Three JavaScript gotchas in practice

JavaScript has many subtleties as new developers quickly realize. Although most of the these behaviours they don't seem to have any practical benefits, this is not necessarily the case. In this article I will discuss three real world scenarios, which are easy to forget and can lead to nasty bugs.

I personally don’t like interview tests. They tend to dig deep in the theory of the language at a near-academic level and a fair bit of them are not used in real life.

On the other hand some of these concepts are worth mentioning. Let’s have a look at three of them.

Promises need to be handled

Promises have become part of every developer’s life. They represent an asynchronous event which will eventually (sometime in the future) occur.

As being asynchronous Promises let other parts of the code execute, and once the result (either the data we want or the error that something went wrong) arrives, the code attached to the promise execute.

If we don’t manage asynchronous code, it can cause issues. A few years ago callbacks were supposed to do this job. Luckily, we don’t have to work with callbacks if we don’t want to, but the new generation of async tools still needs to be managed.

Besides our custom created promises many frequently used methods return a Promise. async functions and the popular request-promise are just two examples.

Anything that returns a promise needs to be properly handled. One should carefully read the documentation or have a look at the source code to see if a method returns a Promise.

How can we handle them?

When functions returning a promise are called, we can simply await them. This, of course, assumes that they are wrapped inside an async function.

Consider the following request:

const rp = require('request-promise-native');

const getDataFromAPI = () => {
  const options = {
    uri: '',
    method: 'GET',
    json: true

  return rp(options);

Somewhere else we can do something like this:

const handleData = async () => {
  try {
    const data = await getDataFromAPI();
    // .. more code
  } catch (error) {
    // .. error handling if something has come up while fetching data

await basically stops the flow and waits for the promise to get either resolved or rejected.

Using async/await is a no brainer for new projects. As of writing this the long term supported version of Node.js is 8.11 where the async/await syntax is supported.

If version 6 needs to be used for any reason, the then and catch or other promise libraries can be used to handle promises.

The above example is very simple but it’s easy to get lost as the applications scales. Node.js doesn’t always complain if the promises are not handled, so we need to ensure that this step is not skipped.

Convert to lower case

Exploring other areas of JavaScript I want to briefly mention a scenario that can lead to sometimes hard-to-debug errors.

Say that we have to check if a string matches another string. Examples can be user inputs or configuration settings. When these strings need to be matched to perform an action (or another action is performed if they don’t match), it’s a good idea to convert both strings to lower cases.

Consider the following dummy example:

const config = {
  headingTitle: 'Read Harry Potter books'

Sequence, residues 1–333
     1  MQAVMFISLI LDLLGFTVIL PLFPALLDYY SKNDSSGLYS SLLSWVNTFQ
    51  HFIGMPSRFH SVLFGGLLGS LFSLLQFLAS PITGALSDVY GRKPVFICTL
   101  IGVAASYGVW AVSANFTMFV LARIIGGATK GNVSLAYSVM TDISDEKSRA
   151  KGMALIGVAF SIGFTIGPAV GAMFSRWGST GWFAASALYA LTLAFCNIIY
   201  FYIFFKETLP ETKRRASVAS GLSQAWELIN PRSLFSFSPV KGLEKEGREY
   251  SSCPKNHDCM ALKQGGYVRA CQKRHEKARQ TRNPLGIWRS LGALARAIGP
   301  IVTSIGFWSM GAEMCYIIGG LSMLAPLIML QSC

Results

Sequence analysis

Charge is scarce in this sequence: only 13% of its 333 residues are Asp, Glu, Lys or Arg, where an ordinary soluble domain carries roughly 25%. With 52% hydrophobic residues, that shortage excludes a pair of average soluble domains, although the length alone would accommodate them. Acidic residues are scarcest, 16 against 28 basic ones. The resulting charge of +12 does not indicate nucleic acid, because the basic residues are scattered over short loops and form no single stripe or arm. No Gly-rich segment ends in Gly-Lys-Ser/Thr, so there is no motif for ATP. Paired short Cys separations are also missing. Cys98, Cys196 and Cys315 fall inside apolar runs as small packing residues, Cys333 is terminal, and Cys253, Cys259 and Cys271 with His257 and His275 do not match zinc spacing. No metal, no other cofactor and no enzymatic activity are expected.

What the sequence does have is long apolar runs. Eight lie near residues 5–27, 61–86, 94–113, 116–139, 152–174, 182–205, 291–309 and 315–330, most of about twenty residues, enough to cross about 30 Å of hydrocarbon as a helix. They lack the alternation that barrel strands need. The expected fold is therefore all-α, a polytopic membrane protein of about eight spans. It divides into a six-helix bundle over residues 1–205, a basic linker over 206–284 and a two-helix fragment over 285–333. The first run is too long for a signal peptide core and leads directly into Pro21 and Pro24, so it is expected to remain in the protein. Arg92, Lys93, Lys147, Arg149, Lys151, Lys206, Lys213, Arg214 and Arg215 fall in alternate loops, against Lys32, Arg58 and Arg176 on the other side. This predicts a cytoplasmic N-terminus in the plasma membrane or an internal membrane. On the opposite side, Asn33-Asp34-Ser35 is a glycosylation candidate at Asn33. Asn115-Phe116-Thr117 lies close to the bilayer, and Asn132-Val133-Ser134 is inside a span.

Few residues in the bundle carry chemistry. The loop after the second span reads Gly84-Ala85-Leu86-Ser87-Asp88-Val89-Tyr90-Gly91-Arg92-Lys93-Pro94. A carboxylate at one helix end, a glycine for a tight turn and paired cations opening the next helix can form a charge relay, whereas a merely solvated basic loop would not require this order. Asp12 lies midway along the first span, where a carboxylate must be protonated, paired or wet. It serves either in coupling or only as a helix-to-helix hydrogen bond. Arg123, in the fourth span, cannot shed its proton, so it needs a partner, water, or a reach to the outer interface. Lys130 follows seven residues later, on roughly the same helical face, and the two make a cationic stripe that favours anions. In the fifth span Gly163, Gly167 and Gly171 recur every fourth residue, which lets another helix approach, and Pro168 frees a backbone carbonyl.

const displayContent = () => {
  const title = 'Read harry Potter books';

  if (title === config.headingTitle) {
    console.log('Titles are matching!');

If we call displayContent(), nothing will be displayed in the console because of a small typo in title inside displayContent.

Mistakes like this regularly occur and they are often hard to debug. You sit there for hours just to eventually find out that some bad capitalization broke the code. This can be extremely annoying, so it’s better to be prepared and try to prevent it from happening.

A good way to eliminate these errors is to apply toLowerCase() on both strings:

if (title.toLowerCase() === config.headingTitle.toLowerCase()) {
  console.log('Titles are matching!');

Now the text will properly show in the console.

Checking for empty object or array

Our code often needs to check if an input object or array is empty. If so, an error can be thrown or a different logic is applied compared to the scenarios when the object or the array has the required properties or values.

Because objects and arrays are compared by reference, checking for an empty object or array will lead to code which will never run:

const obj = {};

if (obj === {}) {
  console.log('This will never run.');


const arr = [];

if (arr === []) {
  console.log('This will never run.');

What can we do then?

As for objects, we can check if the object has properties using the Object.keys method:

const obj = {};

if (Object.keys(obj).length === 0) {
  console.log('This will run!');

Object.keys returns an array whose values are the keys of the object. If the object is empty, it won’t be any keys, therefore the length of the array returned will be zero.

Similarly, this code will run:

const arr = [];

if (arr.length === []) {
  console.log('This will surely run!');

This one is easier and depicts a more common scenario. If the array is empty, its length will be zero.


The scenarios above are common causes of bugs in the code and they are often hard to backtrack. Keeping some tricks like these in mind a small part of the precious developer’s time can be spent on other challenges.

I know that it’s not always easy to remember everything but practices like these will be part of the daily routine over time.

Thanks for reading and see you next time.